The Landmark Thucydides

ISBN: 0684827905

The Landmark Thucydides is a modern translation of the History Of The Peloponnesian War, written in the fifth century BCE to document the war between Athens and Sparta. This is obviously no elementary work, but the editor has included many features to help make reading this book easier, such as explanatory headers, footnotes, maps, and margin summaries for every paragraph. The book was already rather readable, but the summaries were essential to get through difficult portions.

Athenians are characterized by Thucydides as daring innovators, always ready to conquer, while Sparta as old-fashioned conservatives who simply want to maintain what they have while preventing other city-states from gaining too much power. Make no mistake that Athens was an imperial empire, subjugating people and extracting tribute. At the same time they expressed a beloved concern for justice, they happily enslaved subjects that would dare question its rule.

Sparta goes to war with Athens as a check on their unquenchable thirst for more power in what ended up being a World War of its time, involving dozens of city-states and causing massive death and human suffering for nearly 30 years. The benefit of hindsight allows you to see great folly. In this book you see it performed mostly by the Athenians, who while overstretched and short on resources, still decided on a fateful invasion of Sicily. They were blinded by possible glory and conquest.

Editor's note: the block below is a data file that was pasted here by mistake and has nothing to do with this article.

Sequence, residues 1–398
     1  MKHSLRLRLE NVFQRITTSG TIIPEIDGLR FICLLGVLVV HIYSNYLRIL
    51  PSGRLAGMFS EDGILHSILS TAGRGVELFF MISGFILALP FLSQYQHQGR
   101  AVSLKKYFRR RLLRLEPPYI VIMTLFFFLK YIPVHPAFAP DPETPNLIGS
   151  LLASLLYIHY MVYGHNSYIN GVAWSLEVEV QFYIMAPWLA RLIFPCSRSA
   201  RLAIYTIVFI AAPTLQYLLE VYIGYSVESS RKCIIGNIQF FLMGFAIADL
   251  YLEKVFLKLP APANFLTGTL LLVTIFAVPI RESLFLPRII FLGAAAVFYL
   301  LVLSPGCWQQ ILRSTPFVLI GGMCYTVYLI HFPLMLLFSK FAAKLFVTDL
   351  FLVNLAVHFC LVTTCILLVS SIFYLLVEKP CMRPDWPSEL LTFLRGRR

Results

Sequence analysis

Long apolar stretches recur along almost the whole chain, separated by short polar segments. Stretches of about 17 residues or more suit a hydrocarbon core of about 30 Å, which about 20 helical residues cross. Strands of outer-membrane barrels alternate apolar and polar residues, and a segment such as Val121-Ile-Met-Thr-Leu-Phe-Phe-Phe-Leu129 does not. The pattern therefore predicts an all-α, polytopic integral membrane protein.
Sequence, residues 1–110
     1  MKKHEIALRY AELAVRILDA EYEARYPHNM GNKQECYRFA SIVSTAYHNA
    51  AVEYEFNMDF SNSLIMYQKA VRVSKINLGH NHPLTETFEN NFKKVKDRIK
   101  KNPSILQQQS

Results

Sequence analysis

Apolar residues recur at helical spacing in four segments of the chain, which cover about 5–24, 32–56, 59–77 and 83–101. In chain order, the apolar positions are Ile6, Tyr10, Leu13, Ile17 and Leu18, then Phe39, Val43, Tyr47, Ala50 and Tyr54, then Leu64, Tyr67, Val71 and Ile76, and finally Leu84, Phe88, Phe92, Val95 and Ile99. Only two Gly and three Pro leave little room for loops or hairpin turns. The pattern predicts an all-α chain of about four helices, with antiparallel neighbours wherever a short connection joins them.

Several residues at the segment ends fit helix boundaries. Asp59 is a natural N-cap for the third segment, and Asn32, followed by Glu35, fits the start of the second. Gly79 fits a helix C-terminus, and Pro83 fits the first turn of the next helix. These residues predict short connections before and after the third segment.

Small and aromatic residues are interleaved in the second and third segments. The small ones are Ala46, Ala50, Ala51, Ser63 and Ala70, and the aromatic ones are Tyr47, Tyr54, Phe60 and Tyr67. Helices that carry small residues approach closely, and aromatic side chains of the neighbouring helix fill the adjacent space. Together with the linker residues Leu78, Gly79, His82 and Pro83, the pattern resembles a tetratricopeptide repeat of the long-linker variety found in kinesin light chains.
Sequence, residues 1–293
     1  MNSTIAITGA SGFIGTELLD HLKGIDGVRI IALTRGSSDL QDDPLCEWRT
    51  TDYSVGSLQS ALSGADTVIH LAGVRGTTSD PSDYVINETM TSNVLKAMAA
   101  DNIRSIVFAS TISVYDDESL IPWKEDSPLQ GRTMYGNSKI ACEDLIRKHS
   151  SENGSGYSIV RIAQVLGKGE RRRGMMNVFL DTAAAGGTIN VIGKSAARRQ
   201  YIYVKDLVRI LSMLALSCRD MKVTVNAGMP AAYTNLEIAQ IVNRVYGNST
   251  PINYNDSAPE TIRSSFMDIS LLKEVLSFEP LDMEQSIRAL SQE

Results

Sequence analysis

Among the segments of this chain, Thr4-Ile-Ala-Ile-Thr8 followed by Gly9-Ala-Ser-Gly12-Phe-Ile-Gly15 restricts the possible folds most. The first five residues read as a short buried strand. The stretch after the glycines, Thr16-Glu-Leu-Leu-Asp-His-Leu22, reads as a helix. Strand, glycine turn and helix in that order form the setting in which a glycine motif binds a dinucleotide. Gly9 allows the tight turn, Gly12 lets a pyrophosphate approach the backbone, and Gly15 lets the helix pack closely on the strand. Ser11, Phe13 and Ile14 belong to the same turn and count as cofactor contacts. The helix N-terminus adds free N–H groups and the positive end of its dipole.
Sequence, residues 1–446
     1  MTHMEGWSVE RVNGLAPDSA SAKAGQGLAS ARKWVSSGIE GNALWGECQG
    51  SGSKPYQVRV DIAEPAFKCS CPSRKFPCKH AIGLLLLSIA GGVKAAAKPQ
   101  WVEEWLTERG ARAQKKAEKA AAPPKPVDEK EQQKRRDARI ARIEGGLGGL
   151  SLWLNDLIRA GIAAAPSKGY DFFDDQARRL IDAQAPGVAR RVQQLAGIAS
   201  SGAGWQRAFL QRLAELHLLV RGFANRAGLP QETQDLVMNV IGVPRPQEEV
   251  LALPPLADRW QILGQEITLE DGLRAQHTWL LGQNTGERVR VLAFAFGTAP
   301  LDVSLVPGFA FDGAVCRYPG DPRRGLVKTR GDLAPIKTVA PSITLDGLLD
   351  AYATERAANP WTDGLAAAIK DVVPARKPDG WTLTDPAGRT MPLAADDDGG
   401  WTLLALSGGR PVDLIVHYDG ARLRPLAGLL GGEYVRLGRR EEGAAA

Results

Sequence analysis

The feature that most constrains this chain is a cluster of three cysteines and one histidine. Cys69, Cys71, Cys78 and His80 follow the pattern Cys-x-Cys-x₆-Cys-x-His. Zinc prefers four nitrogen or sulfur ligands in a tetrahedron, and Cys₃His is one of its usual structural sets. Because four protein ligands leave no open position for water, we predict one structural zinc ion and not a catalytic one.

The highlight of the book was no question the invasion of Sicily. It was a campaign of the ages that involved huge land and sea battles between the Sicilian underdog and the overconfident Athenians. You want Athens to be defeated but at the same time you feel sympathy for its soldiers, who were put into a losing predicament by superstitious generals and incompetent statesmen.

I was even more impressed with the transcribed speeches of diplomats and generals. There are no snarky sound bites here or George W. Bush moments of idiocy, but persuasive oratory that was the main way of influence during that time. More than any other parts of the book, they make you wonder how little has really changed in 2,000 years. Their pretexts for going to war is almost identical to what we use today, and they also were hampered by factors that limited their ability to amass armies, raise capital, and effectively lead men into battle. In addition, we still see the same see-saw struggle between the people (masses) and oligarchy (rich).

I especially smiled at a 1984 moment when, halfway through the war, Sparta allies itself with Athens, and then a couple years later resumes fighting against them. We were always at war with Eastasia, not Eurasia. I wonder how the citizens reacted to a surprising partnership with a city they had been fighting for a decade.

My biggest complaint of the book is that every page seemed to introduce a dozen new tribes and city-states. A billion names will be thrown at you. I gave up trying to keep track of them all and instead sought to remember if they were on the side of Athens or Sparta, though many times a city played both sides or changed them repeatedly. The book is best when it narrates the battles instead of giving details of alliances. You’ll have to endure periods of numbing boredom to enjoy the relatively exciting bits.